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Consolidate readers of "differential.revisionID" property

Authored by epriestley on Apr 23 2019, 5:28 PM.



Depends on D20467. Ref T13277. Currently, the "MessageParserWorker" writes this property on commits, then Herald and Audit both read it.

Make them share code so this property has one writer and one reader. This property isn't great, but at least now the badness is hidden.

Currently, we can't just use edges because they may not have been written yet. I am likely to just do this, soon:

  • Just write the edges (in "MessageParserWorker").
  • Hide the edges from mail.

However, we'll sort-of lose the "revisionMatchData" explanation thing if I do that. Maybe this is fine? But when commits match because hashes match, it legitimately isn't obvious.

For now, just reduce the amount of harm/badness here.

Test Plan
  • Ran bin/repository reparse --publish ....
  • Ran a Herald "Audit" rule using the "Accepted Differential revision" field.

Diff Detail

rP Phabricator
Automatic diff as part of commit; lint not applicable.
Automatic diff as part of commit; unit tests not applicable.

Event Timeline

epriestley created this revision.Apr 23 2019, 5:28 PM
epriestley requested review of this revision.Apr 23 2019, 5:30 PM
epriestley edited the summary of this revision. (Show Details)Apr 23 2019, 5:30 PM

The "how do we store this data" question kind of relates back to T13056. This is a case where we have edge-like data (Commit Has Related Revision) but we also have metadata (why the two are associated). This currently isn't stored as edge data, but a possibly cleaner approach would be:

  • The "MessageParserWorker" writes these edges, with explanations in edge data.
  • Audit/Herald can then read these edges without worrying about parse sequence issues.
  • The UI can show "commit X is linked to revision Y because reason Z".

One reason not to do this is that I'd like to get rid of edge data (T13056). There are almost no remaining readers or writers of edge data, and essentially all historical use cases eventually outgrew edge data into a separate table.

Maybe "object relationships" should not be edges. Arguments for moving them to something else:

  • We could store this metadata on a "Relationship" object. Particularly, the useful metadata here is "Commit X has related revision Y because commit X has hash Q, and related revision Y also has a diff with hash Q". This is not obvious from context.
  • The "Relationship" object could enforce T3577, where we want to let revision X have exactly one type of relationship to task Y, i.e. it can't have both a "fixes" and a "reopens" relationship.
  • We could do drive "Fixes" in the commit pipeline using an "uncommitted relationship" edge or similar which would respect web UI edits, rather than parsing magic strings from commit messages.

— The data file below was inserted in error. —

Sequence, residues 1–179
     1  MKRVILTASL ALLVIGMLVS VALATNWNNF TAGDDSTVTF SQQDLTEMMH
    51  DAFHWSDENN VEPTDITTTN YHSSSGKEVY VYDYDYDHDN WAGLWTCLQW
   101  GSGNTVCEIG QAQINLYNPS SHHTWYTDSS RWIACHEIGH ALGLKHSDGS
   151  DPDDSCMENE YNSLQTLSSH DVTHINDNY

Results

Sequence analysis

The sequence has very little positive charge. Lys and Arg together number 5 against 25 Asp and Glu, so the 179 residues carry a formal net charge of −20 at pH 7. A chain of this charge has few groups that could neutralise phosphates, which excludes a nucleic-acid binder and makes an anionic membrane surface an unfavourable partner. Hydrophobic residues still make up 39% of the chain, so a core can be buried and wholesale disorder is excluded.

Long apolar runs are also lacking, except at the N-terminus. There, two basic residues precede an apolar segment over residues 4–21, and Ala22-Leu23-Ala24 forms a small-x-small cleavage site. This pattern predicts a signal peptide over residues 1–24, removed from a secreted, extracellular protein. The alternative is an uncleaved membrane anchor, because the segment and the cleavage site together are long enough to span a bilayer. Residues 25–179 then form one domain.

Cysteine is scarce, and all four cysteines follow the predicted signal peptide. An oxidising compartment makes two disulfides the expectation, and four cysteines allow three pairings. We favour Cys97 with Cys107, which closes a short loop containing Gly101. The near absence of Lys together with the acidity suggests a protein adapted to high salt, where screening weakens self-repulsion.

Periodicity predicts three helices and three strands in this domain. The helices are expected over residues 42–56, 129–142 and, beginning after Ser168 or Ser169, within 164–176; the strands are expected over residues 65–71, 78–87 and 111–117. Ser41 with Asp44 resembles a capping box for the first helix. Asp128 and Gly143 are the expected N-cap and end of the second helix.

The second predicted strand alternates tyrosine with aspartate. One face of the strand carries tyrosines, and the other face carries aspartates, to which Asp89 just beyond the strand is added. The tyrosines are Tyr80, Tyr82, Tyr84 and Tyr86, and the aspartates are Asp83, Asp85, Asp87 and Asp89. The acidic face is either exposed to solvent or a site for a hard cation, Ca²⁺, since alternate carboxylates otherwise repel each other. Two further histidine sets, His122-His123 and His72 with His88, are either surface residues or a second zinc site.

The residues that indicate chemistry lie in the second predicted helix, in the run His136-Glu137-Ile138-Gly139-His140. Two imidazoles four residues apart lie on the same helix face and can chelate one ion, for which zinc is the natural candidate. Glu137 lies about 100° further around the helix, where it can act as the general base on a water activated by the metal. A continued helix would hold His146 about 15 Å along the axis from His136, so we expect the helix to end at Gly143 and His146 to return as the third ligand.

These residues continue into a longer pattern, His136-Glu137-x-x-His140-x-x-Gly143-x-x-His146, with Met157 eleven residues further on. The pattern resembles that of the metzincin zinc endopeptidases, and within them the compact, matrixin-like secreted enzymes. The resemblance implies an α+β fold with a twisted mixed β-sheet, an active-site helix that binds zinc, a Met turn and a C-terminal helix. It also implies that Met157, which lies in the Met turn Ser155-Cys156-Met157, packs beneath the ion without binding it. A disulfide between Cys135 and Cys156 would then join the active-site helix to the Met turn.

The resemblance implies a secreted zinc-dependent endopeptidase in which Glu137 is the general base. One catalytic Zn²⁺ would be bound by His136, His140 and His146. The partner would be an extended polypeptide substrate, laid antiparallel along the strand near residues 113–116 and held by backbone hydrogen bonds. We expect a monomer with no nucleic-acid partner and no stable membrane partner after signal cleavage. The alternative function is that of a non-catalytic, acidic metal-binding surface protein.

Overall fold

Arguments against:

  • These relationships sure are a whole lot like edges.

I guess I lean slightly toward maybe moving these to some other datastore, but hopefully not in the scope of this set of changes.

One note here is that HeraldPreCommitContentAdapter has some similar logic, although it's more low-level.

amckinley accepted this revision.May 1 2019, 1:58 PM
amckinley added inline comments.

Move this comment to loadRevisionForCommit?

This revision is now accepted and ready to land.May 1 2019, 1:58 PM

The comment is pretty specific to Herald (where $viewer is omnipotent) and loadRevisionForCommit() has other callers where $viewer is legitimate, so I think moving the comment would reduce clarity on the balance. But let me update it a little bit, since it's less clear now than it was before.

Specifically, the attack this comment is describing is this:

  • You do not have permission to see D123.
  • You want to learn about D123.
  • You write an "if any condition matches" Herald rule using every "Related revision..." field, matching against an impossible value, with "Do Nothing" as an action.
  • You push a commit containing Differential Revision: https://.../D123.
  • You review the transcript for the commit.

This discloses some information about the revision, even though you can not see it. Today, it discloses:

  • The existence of the revision.
  • The accepted state of the revision.
  • The build state of the revision.
  • Packages affected by the revision.
  • Reviewers on the revision.
  • Subscribers on the revision.

This is a nontrivial amount of leaked information, and this is not information which we let you learn in other ways.

For now, we accept that this is reasonable: none of this information is that interesting, and you have to jump through a lot of hoops and leave a lot of evidence to get it.

I think the only "fix" for this issue would be to have a rule like "a commit may only be associated with objects that the user who pushed it can see", but this can't realistically be a default rule since it won't work with observed repositories.

epriestley updated this revision to Diff 48874.May 1 2019, 4:07 PM
  • Clarify the comment.
  • Adjust the cache behavior slightly.